Those readers who simply must begin the new year by appearing in federal court on the first business day of January 2007 thus have the option of traveling to Denver, Colorado or the State of Kansas.
U.S. Court of Appeals for the Ninth Circuit ends 2006 by granting rehearing en banc in four separate cases:
You can access all four en banc orders via this link
The grant of rehearing en banc that's initially of most interest to me is today's order in Comer v. Schriro. The three-judge panel's divided ruling in that case was the subject of my law.com column from September 2006 headlined "When Can an Inmate 'Volunteer' for Death? 9th Circuit rejects a competent inmate's decision to abandon legal challenge to his capital sentence."
In that essay, I wrote:
I am confident that if the state of Arizona seeks further review in Comer's case, either from an en banc 9th Circuit or the U.S. Supreme Court, last week's divided decision holding that it violates the 8th Amendment to abide by the wishes of a so-called death penalty volunteer will be overturned. The three-judge panel majority's unwillingness to allow an unconstitutional execution to occur may be admirable from a policy perspective, but it exceeds their power as Article III judges to issue a ruling in the absence of any actual case or controversy. For better or worse, Article III's limits on judicial power contain no exceptions applicable to the death penalty or 8th Amendment challenges.
My earlier blog-based coverage of the Comer
case can be accessed here
"Court Won't Consider Judges' Arguments":
The Associated Press provides a report
that begins, "An appeals court considering whether Guantanamo Bay detainees have constitutional rights said Friday that it will not accept arguments by seven retired federal judges who oppose a new U.S. anti-terrorism law."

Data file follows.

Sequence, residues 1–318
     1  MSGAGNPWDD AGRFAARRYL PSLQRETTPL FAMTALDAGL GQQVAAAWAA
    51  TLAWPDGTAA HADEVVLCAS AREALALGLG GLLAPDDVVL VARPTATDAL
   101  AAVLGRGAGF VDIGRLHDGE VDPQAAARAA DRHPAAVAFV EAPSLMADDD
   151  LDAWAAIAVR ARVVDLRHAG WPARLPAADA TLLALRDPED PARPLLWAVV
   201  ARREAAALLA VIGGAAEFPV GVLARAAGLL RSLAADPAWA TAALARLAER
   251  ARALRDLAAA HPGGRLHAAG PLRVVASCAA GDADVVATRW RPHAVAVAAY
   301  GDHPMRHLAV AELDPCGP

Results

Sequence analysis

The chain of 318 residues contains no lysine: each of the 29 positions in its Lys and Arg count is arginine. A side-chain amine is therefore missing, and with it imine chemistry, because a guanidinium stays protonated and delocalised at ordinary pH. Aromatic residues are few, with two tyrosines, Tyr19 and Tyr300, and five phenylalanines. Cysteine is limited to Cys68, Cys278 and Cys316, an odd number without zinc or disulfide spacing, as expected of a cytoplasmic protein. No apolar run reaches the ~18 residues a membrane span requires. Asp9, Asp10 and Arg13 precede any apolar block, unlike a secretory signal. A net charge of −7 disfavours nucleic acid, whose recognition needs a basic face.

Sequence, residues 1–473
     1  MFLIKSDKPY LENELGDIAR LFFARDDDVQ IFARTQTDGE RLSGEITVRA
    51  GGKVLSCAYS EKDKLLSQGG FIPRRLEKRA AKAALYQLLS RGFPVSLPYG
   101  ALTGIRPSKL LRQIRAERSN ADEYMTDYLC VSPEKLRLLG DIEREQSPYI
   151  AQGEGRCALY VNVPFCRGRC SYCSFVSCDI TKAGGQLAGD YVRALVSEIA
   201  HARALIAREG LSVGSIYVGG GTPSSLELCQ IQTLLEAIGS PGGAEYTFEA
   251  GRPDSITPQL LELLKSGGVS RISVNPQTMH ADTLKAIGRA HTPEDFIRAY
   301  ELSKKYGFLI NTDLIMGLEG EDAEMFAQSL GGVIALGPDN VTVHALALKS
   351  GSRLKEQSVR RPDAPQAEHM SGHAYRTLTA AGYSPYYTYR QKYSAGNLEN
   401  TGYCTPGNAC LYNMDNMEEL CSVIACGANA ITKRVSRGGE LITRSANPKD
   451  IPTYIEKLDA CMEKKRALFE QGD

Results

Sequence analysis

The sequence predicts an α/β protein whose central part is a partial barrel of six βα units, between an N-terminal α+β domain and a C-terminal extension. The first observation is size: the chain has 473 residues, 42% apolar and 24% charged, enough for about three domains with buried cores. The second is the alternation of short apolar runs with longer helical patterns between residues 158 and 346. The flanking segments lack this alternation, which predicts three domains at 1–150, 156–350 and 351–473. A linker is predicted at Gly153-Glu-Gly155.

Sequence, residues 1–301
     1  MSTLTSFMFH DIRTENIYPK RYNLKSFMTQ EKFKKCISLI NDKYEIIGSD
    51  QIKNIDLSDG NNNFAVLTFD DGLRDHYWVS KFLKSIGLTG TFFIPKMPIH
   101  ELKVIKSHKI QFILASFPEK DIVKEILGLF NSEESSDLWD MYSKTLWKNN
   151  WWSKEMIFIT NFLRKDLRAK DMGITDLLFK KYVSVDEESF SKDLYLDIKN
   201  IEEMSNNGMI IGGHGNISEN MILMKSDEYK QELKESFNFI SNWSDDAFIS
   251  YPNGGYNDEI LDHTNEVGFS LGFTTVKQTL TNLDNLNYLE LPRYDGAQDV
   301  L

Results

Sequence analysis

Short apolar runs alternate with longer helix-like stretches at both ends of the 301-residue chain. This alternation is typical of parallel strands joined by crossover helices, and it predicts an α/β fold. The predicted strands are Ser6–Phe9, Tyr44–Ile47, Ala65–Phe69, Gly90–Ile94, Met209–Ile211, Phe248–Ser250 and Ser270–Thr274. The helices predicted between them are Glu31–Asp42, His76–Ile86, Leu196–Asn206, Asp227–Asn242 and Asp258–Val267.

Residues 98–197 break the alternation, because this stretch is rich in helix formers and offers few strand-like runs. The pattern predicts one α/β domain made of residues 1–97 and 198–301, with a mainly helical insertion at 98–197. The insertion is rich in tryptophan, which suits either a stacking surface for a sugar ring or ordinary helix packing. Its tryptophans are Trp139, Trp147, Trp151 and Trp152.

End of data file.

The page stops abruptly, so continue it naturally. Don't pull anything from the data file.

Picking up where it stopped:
Seventh Circuit addresses the value of a saccharine claim that fountain Diet Coke isn't only sweetened with NutraSweet brand aspartame:
A putative class action initiated in Illinois state court but then removed by the defendant to federal court alleged that the Coca-Cola Company deceived Diet Coke consumers in Illinois by failing to disclose that fountain Diet Coke and bottled Diet Coke are not the same product because the fountain variety of the beverage contains a blend of the sweeteners aspartame and saccharin.
After the federal district court sustained subject-matter jurisdiction over the case but refused to certify a class action, the proposed class representative accepted a settlement of $650 but retained the right to appeal from the denial of class certification and the sustaining of federal court jurisdiction. Today, in an opinion by Circuit Judge Diane S. Sykes, a unanimous three-judge Seventh Circuit panel holds that the federal district court did not err in concluding that the named plaintiff's claim exceeded $75,000 in value on the date of removal and affirms the denial of class certification.
Various federal appellate courts have announced that they will be closed for business on Tuesday, January 2, 2007 in recognition of the National Day of Mourning for President Ford
. Those courts that have thus far posted on the internet news of their closure on Tuesday are the D.C. Circuit
, the Second Circuit
, the Sixth Circuit
, the Eighth Circuit
, and the Federal Circuit
Meanwhile, the Tenth Circuit is closed today due to the latest Denver blizzard.
Update: The Fifth Circuit's web site has been updated to note that the court is officially closed on Tuesday but that oral arguments will proceed as scheduled in Houston. And according to this post from Lyle Denniston at "SCOTUSblog," the U.S. Supreme Court will also be officially closed for business on Tuesday.
Second update: The First Circuit's web site has been updated to note that the court will be closed Tuesday. And so has the Fourth Circuit's web site and the Ninth Circuit's web site.
Current judges remind former judges that former judges aren't "judges" any longer:
The majority on a divided three-judge panel of the U.S. Court of Appeals for the D.C. Circuit
today issued an order
that likely will strike many as rather petty. Today's order states, in full:
Upon consideration of the unopposed motion of retired federal jurists for leave to file brief amici curiae in support of petitioners regarding the Military Commissions Act of 2006, and the lodged brief, it is
ORDERED that the motion for leave to file be denied. See Advisory Opinion No. 72, Committee on Codes of Conduct, Judicial Conference of the United States ("Judges should insure that the title 'judge' is not used in the courtroom or in papers involved in litigation before them to designate a former judge, unless the designation is necessary to describe accurately a person's status at a time pertinent to the lawsuit.").